Crooked knives can be used to make many practical and necessary every day objects: birch bark canoes, paddles, bows and arrows, snow shoes, axe handles...the list was endless for the native people of the Woodlands. I think it's a shame that modern buscrafters don't use the Mocautogan (it's Native name) vey much at all. It is such a practical tool. Holding it with the palm of the hand up, and pulling towards you, takes some getting use to, but once mastered it is a very versatile tool.
I have made various models of crooked knives, or Mocautogan, over the past few years and this is my latest variation on the theme.
This one is a left handed tool, it has a very hard and dense Walnut handle, shaped to my hand. The blade is 4" long, with a slight curve for most of the length, with the curve increasing towards the tip. The blade is fixed to the handle with a couple of small screws, but that was more for convenience than necessity. I have cast the pewter ferrule directly onto the handle and this holds the blade very securely.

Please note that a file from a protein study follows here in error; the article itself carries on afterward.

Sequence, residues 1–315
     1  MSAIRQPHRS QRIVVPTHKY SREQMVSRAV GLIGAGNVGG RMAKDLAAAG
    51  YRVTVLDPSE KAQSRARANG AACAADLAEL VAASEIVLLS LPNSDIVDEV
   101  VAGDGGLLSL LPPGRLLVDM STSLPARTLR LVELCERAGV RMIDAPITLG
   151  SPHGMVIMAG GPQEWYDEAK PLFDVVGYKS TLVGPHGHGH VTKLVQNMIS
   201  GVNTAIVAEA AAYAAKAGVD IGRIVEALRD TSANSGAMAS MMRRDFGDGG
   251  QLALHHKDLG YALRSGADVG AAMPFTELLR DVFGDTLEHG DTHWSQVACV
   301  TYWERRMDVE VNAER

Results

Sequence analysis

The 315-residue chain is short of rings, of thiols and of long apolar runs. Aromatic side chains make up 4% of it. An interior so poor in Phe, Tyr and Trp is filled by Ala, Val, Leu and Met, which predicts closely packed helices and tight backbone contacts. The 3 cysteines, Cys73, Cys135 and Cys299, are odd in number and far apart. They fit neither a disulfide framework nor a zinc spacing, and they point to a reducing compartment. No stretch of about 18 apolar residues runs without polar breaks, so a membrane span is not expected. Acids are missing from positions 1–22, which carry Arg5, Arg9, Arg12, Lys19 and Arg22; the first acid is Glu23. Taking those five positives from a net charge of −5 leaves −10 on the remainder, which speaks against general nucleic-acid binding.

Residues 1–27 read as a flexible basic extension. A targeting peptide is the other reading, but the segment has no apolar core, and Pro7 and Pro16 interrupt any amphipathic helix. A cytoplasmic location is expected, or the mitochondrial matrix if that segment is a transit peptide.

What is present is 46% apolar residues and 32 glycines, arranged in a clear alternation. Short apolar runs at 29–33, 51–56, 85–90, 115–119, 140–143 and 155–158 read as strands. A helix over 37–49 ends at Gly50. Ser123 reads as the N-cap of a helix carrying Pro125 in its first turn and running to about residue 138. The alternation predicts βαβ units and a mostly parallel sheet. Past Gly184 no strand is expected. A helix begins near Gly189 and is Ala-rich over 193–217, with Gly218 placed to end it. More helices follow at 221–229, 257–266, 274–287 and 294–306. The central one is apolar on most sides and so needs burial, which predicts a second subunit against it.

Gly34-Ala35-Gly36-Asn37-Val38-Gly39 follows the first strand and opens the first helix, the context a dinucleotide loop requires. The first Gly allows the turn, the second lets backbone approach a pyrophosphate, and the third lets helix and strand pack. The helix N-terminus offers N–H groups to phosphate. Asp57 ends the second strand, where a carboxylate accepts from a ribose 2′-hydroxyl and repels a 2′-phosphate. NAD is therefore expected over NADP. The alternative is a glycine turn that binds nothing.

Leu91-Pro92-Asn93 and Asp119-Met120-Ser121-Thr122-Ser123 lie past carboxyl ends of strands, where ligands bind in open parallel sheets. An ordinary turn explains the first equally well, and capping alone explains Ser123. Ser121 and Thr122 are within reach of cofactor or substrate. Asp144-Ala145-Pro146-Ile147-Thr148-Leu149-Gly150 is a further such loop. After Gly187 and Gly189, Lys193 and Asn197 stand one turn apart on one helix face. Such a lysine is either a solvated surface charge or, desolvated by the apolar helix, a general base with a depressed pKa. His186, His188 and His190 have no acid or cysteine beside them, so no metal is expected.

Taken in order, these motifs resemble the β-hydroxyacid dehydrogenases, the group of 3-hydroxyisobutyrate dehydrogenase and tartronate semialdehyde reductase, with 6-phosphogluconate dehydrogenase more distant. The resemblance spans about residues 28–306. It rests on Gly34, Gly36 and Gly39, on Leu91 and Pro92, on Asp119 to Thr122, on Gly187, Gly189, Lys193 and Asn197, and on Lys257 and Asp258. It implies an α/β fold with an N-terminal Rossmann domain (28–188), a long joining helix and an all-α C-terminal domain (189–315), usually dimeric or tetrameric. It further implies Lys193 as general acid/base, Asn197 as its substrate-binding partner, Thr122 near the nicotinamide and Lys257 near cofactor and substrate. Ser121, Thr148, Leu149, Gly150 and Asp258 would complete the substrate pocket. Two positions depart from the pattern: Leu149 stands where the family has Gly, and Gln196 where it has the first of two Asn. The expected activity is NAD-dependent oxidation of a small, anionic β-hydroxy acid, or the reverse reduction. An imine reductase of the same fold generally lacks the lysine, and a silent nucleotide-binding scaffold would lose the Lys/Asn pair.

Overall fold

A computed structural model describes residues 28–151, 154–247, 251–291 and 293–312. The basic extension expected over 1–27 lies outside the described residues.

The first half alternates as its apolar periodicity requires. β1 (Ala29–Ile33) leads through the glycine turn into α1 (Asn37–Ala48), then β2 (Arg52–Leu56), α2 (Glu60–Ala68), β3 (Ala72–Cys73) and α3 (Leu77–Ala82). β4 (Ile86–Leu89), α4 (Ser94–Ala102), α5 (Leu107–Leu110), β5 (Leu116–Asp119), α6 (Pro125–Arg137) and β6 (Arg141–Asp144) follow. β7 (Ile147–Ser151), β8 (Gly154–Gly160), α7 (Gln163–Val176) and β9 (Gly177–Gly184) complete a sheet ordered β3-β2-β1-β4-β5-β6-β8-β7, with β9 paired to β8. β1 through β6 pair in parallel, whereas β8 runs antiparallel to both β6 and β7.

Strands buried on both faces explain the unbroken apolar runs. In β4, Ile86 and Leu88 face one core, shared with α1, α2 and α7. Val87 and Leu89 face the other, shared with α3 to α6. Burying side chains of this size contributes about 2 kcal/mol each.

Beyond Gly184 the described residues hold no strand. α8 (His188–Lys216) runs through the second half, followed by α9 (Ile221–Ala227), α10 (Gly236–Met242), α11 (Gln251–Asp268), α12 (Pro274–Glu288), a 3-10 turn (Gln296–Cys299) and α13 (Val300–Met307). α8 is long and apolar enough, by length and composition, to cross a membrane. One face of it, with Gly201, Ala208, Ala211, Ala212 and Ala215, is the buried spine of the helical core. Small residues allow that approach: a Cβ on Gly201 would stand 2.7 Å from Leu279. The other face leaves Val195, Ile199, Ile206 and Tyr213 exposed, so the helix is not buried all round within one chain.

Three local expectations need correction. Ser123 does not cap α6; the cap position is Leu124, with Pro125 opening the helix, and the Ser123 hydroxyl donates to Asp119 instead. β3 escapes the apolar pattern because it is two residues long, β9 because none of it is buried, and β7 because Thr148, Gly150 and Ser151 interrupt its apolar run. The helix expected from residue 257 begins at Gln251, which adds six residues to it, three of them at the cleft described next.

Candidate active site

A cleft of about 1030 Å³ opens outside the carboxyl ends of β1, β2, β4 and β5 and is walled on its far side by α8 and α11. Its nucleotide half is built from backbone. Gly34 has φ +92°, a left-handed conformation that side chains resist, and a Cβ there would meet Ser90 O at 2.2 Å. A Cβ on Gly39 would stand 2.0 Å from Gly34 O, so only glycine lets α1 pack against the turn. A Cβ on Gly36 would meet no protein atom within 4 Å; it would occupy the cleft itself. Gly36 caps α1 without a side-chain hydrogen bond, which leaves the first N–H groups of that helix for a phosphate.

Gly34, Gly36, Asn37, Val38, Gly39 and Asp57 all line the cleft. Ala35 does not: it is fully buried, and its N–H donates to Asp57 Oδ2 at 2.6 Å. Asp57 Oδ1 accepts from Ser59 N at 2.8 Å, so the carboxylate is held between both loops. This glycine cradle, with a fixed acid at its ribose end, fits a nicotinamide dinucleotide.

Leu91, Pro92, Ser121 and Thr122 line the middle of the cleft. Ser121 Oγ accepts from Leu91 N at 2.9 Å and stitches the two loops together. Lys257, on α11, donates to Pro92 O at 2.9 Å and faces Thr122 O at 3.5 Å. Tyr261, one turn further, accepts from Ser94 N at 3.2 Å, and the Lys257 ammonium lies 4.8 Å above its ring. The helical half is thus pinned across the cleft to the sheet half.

This is only the second time I have cast a pewter ferrule on a knife, and it was a little more complicated and tricky than the first one, but I think it was well worth it and that it looks very nice.
It needs some more sanding with fine wet & dry paper, but I have run out at the moment!